• A commodity is defined as a useful or valuable thing, such as water or time. Is healthcare not valuable as well?

    Healthcare and prescription drugs are only strictly regulated as safe or unsafe, however, the term commodity would protect and control pricing. The pharmaceutical industry is one industry that has the highest mark-up of any industry. Mark-ups can exceed 8000 percent! The only pricing control in pharma is what the insurance companies are willing to pay and in some cases this still remains exorbitant.

    Referring to medications and medicine as commodity would put in place the same structures that hold prices of other commodities--milk, fuel, etc.--constant. If these commodities are considered staples to an economy and population, so to should medicine.

  • Yes, medicine is a commodity

    Medicine should be offer to anyone who needs it and if neglect a person could meet a terrible fate, but in today's times medicine is being abuse by many member of society. We don't longer wait or trust are bodies to heal or fight an illness. We cannot even stand low levels of pain or even bother to eat healthy enough (there is vitamins and energy drinks), and why will we if there is a pill for almost everything. Now, I'm not saying that if a person has an illness that requires medical attention should just suck it up but that people are not longer taking care of themselves because they are taking medicine for granted. People eat what they want and do as they please because if they get sick they expect to be magically cure without doing any work by their own.
    I don't think medicine is a commodity because you had to pay for it, we have to pay for pretty much everything, but because anyone with the smallest amount of pain or good enough acting skills can get some kind of drug that is not really necessary. This also influences the masses to not take care of yourself. I think medicine is a commodity cause (some) people are irresponsible of their own well beings and they had make medicine a commodity with the higher payer.

  • Yes, medicine should be a commodity.

    Companies that make medicine, like all companies, need an economic incentive in order to be innovative and create life-saving medicine. Therefore it's necessary for companies that make medicine to be able to profit from the products they create, in the same way that companies involved in other commodities, such as oil, hope to generate a profit. The profit motive is the driving engine of capitalism.

  • Not exactly a commodity.

    I don't think that it should be for so much profit. Yes, I agree with what a poster said in the Yes section...Profit is a motivating factor. I think that public health is a concern and that is something that should be funded heavily to create an opportunity for high pay for the pharmaceutical companies. While I believe the employees should be compensated well, I am not so much a fan of stockholders in medicine. It really should be not-for-profit. The money goes to the staff, the research and the production...The surplus goes into the next round of medications.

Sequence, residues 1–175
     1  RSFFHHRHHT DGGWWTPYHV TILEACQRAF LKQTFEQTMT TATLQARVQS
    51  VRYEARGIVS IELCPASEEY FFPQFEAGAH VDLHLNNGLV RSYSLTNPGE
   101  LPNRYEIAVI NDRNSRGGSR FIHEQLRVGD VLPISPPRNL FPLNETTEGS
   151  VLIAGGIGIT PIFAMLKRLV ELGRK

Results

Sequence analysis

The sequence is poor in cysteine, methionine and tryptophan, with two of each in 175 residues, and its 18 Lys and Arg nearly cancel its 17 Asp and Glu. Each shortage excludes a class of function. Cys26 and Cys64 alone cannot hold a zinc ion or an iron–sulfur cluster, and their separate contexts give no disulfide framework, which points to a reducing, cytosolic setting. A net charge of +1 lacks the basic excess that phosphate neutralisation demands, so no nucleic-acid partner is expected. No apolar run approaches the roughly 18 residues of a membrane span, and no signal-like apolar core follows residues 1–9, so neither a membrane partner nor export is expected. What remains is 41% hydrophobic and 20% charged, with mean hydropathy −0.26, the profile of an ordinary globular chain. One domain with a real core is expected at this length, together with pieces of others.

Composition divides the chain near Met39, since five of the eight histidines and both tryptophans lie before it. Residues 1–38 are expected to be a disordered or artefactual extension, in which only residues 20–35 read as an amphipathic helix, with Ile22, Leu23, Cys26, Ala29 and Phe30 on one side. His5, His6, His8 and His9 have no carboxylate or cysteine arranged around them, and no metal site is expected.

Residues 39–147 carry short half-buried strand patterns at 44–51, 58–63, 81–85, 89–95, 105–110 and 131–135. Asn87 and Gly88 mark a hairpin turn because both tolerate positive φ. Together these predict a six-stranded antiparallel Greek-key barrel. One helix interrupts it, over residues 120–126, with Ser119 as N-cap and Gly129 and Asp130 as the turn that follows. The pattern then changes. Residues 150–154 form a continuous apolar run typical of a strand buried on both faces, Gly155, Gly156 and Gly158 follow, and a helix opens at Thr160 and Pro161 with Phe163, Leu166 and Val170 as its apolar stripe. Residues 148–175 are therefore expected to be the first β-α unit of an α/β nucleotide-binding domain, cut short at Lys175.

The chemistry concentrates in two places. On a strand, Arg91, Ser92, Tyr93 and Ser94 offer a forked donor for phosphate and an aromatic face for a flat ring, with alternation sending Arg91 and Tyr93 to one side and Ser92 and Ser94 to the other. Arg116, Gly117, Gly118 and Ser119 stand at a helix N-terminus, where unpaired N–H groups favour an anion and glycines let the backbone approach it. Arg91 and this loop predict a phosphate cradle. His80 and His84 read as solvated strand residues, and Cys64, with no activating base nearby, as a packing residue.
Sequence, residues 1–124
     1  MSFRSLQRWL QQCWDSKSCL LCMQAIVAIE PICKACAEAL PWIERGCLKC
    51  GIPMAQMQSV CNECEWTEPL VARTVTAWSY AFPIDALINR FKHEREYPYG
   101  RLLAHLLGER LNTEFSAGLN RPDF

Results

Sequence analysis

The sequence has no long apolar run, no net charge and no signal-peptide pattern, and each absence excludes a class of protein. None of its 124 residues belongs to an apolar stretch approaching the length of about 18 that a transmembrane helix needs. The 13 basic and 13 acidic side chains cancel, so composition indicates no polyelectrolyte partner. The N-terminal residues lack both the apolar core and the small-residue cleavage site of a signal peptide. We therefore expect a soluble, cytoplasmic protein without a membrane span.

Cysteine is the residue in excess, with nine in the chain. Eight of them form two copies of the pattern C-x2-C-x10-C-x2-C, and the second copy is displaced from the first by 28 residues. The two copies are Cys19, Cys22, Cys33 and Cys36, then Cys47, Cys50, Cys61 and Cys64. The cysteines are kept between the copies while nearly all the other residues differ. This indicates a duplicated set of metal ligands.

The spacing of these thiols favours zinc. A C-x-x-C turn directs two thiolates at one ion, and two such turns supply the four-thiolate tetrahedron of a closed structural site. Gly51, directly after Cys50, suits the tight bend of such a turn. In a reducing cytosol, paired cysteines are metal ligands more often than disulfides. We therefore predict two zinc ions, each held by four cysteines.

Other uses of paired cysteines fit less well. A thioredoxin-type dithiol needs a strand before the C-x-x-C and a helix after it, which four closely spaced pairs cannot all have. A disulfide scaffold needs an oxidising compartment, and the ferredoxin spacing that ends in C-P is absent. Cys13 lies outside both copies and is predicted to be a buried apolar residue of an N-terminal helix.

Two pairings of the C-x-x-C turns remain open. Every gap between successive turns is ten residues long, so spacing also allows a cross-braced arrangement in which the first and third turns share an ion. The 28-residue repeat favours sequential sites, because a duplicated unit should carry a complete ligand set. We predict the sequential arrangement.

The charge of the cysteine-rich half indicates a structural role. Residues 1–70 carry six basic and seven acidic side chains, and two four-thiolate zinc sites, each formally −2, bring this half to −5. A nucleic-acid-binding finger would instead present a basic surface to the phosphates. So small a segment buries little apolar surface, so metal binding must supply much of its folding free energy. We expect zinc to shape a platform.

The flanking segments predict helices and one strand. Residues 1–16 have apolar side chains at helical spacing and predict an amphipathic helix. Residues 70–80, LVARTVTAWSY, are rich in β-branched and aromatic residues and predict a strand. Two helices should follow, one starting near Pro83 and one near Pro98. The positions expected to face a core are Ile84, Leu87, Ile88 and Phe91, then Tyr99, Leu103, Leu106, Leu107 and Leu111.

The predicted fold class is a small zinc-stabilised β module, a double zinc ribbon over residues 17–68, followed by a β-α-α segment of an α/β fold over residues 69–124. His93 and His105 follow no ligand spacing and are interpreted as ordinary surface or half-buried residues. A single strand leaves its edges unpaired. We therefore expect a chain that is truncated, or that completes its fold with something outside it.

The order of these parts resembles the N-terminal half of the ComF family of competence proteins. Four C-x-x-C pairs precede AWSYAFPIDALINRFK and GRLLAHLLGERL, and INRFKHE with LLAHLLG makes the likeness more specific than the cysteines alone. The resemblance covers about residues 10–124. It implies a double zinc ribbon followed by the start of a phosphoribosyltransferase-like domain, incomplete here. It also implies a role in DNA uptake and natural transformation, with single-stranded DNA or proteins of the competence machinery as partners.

There's pros and cons to either way really. As someone else stated, profiting off of medicine creates dishonesty in prescribing (also known as medicine pushers). Profiting off of medicine also has people making good money off of your illness and your problems. Profit may be the driving engine of Capitalism but it can be it's own defeater too. If I am profiting off of my chronic illness medications that you have to take for life, then what motivates me to search or support a cure? On top of that, profiting medicine companies create and fund research to oppose natural or supplemental healers because it infringes in their profit margin. Public health should not be a competition to that degree.

  • No, medicine should not be a commodity.

    Medicine should not be a commodity. People should be allowed to get the medicines they need, but at a cost that is fair and in an amount that is effect. Making medicine a commodity has a couple of negative effects. One, it allows marketers to charge people more than necessary for things they truly need. No person should have to chose between paying their electric bill or buying their heart medicine that has been marked up to three times its value. Making medicine a commodity can also influence the abuse of certain medicines. People who are addicts do not need to be allowed to get pain medicines, antidepressants, sleep medicines, and other medicines that can be habit-forming. Easy access to these medicines only hurts abusers and criminals trying to make a profit off of them. Limiting and controlling these medicines is necessary for the protection of those who actually need them.

  • No, medicine should not be a commodity.

    People need medicine to live. In some case, it's a life or death issue, whereas in other cases it's merely a serious quality of life issue. Regardless, no one who needs medicine should be denied access to medicine. It may be not be possible in some cases to provide medicine to everyone who needs it, regardless of their ability to pay for it, but otherwise I don't believe that medicine should be viewed as a commodity in the way that, say, oil is viewed as a commodity.

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